The 2nd annual AISL Board Book social took place on Thursday, April 24. Although it had been a busy and full day, many Dallas conference attendees joined the board for food and drinks, and took the opportunity to discuss the 2014 Board Book selection It’s Complicated by danah boyd. 2013’s event was a great success; in Baltimore we discussed I Know Who You Are and I Saw What You Did by Lori Andrews, which covered similar topics to boyd’s book.
It’s Complicated is an in-depth look at teens, and how they use the internet: their social media choices, their different personalities in different contexts online, their perception of privacy, and their interaction with their peers in an online (and offline) context. The book was generally well received by attendees, who felt they were seeing these issues on a day-to-day basis in their libraries and schools. The author, danah boyd, is a well-respected academic whose research focuses on how young people use social media as part of their everyday practice. It’s Complicated is based primarily on interviews boyd undertook with teens about their social media behaviours.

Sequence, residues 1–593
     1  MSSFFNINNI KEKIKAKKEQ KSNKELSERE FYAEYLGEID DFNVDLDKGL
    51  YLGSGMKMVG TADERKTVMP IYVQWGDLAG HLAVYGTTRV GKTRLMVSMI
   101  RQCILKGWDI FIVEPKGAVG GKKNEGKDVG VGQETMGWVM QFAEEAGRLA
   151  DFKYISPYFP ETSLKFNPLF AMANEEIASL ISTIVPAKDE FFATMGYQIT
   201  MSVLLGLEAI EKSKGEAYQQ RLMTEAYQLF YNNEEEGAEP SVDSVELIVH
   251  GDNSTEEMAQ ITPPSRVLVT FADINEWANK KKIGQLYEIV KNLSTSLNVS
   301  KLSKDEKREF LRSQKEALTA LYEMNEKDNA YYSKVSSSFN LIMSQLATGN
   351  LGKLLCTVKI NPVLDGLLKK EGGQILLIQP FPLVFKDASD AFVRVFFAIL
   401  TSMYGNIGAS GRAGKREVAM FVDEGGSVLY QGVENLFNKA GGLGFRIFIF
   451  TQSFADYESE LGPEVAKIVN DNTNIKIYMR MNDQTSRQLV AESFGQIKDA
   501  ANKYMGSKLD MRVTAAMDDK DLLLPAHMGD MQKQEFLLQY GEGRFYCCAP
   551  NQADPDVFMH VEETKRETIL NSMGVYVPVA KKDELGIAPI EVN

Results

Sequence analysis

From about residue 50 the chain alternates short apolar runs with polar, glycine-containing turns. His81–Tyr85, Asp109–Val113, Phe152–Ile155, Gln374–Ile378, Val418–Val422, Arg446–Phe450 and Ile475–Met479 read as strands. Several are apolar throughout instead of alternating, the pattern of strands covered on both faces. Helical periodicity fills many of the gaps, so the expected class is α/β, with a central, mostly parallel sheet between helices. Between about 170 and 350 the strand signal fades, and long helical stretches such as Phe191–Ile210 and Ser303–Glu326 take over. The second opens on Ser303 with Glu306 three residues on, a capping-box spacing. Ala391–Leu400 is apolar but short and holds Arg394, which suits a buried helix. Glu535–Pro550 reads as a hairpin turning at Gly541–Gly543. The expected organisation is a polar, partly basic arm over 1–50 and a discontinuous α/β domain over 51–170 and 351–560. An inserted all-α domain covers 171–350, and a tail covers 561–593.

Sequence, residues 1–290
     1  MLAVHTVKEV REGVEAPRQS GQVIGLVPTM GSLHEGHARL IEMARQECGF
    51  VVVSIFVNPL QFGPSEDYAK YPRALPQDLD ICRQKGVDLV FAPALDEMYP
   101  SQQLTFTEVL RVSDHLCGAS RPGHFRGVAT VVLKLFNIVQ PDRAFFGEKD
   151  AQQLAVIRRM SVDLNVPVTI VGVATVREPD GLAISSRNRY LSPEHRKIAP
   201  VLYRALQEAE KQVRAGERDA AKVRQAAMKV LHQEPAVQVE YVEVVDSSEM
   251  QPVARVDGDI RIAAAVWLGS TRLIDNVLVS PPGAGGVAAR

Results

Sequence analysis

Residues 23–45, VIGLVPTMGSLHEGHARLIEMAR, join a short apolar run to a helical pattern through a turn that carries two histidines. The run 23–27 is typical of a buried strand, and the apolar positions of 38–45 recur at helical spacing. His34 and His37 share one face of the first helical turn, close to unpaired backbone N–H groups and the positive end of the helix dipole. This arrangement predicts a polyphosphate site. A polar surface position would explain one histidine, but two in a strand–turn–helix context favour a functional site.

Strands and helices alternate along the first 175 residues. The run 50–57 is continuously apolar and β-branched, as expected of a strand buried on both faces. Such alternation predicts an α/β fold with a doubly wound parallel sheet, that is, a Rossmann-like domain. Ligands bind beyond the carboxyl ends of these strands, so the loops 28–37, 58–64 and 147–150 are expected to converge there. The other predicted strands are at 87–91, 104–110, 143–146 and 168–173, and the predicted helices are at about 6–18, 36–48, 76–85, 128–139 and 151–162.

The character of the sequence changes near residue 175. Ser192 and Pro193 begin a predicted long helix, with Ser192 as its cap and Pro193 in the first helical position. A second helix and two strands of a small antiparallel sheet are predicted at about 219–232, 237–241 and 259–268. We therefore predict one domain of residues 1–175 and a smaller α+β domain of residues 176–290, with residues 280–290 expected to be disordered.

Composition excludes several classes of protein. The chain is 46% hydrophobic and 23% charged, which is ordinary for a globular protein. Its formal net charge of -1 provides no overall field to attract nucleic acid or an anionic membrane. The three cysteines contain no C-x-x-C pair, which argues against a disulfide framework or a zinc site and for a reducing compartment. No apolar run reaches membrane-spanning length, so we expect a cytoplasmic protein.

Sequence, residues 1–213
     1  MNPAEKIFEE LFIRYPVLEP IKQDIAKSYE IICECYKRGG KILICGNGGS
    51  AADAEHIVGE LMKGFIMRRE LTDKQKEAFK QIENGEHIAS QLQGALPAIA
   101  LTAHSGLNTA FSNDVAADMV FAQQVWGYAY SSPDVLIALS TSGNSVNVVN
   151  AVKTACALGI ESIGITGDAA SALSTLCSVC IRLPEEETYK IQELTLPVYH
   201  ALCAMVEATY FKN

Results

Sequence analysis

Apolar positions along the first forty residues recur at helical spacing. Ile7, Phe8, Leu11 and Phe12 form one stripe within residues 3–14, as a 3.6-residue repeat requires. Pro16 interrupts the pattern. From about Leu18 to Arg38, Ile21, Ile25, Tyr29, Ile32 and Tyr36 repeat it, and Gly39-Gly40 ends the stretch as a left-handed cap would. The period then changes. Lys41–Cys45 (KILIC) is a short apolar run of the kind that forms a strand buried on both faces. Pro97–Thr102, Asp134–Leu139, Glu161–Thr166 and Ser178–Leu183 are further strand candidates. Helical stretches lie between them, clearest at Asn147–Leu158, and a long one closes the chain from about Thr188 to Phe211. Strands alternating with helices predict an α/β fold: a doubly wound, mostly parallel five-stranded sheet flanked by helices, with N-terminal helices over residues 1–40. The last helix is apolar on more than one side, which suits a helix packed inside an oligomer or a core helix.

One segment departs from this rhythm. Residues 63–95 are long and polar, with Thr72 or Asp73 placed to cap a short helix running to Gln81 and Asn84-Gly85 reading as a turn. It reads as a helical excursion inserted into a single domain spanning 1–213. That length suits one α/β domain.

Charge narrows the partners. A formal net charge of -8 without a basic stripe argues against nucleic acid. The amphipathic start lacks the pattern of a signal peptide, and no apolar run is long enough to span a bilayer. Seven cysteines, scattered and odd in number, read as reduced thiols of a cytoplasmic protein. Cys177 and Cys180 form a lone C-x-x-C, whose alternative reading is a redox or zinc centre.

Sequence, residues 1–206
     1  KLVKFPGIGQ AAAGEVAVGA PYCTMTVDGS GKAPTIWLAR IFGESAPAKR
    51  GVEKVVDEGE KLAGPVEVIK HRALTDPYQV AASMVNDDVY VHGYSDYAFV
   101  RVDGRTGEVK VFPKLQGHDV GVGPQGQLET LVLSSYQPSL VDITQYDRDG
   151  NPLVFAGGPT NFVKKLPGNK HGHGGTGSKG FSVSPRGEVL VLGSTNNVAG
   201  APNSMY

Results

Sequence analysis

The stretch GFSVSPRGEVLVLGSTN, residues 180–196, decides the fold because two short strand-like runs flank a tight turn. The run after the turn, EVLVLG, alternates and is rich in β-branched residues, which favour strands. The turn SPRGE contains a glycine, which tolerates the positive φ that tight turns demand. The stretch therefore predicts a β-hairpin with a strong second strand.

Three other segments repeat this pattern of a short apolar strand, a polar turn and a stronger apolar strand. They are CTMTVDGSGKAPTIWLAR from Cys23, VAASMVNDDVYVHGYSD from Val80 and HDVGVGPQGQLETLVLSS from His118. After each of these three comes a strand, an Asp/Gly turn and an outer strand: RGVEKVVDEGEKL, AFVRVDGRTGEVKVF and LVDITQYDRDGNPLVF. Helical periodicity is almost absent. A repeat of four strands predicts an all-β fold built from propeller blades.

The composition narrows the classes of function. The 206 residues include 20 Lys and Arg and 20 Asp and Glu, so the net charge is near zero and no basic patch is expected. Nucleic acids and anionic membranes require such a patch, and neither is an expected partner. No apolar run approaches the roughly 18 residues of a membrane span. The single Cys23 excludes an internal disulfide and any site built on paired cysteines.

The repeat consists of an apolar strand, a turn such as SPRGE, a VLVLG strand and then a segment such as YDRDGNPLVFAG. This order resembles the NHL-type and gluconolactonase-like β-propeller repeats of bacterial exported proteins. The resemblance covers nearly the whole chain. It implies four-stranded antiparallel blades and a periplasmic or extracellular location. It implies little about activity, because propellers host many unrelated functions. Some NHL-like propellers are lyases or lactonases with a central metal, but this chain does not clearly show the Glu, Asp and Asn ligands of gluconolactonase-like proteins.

Attendees discussed a series of questions put together for the group by CD McLean (AISL president) such as:
- What does social media add to the quality of teens’ social lives, and what does it take away?
- What do you think about the idea that teens are more ‘digital naives’ as sociologist Hargittai calls them, than ‘digital natives’?
- What do you think of the quote by Mark Zuckerberg, “Having two identities for yourself is an example of a lack of integrity”?
- Have we as adults become socially rude? Culturally rude? How do you define privacy?
- Have teens redefined the nature of privacy online?
- How do we as faculty judge teens?
- Parental rights versus privacy / child rights. Where do you stand on this? Where does your school stand on this?
Thanks to my tablemates (Brenda Ferrell, Amy Cunningham, Tricia deWinter, and Joan Tweedie) for the interesting discussion! Although we didn’t always stay on topic, we had a fascinating conversation about teens, privacy, school social media use policies and the digital footprint / shadow that many of our students are creating.
Please consider joining us for next year’s Board Books Discussion at the 2015 Tampa conference. If you read any titles between now and then that you think would make for great discussion with AISL conference attendees, let us know!